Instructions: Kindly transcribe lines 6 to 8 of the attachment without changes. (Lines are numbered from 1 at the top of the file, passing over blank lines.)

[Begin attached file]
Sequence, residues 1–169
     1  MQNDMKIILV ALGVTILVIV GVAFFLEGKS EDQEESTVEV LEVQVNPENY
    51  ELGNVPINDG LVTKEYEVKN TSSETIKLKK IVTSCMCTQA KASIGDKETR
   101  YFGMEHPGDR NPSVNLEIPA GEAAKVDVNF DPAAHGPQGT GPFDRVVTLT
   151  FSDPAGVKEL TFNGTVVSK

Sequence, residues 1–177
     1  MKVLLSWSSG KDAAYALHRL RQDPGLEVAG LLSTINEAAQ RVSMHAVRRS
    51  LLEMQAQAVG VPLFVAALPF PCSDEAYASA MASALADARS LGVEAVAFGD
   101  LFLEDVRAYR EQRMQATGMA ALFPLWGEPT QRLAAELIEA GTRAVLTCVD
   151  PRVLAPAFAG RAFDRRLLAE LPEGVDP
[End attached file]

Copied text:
Sequence, residues 1–177
     1  MKVLLSWSSG KDAAYALHRL RQDPGLEVAG LLSTINEAAQ RVSMHAVRRS
    51  LLEMQAQAVG VPLFVAALPF PCSDEAYASA MASALADARS LGVEAVAFGD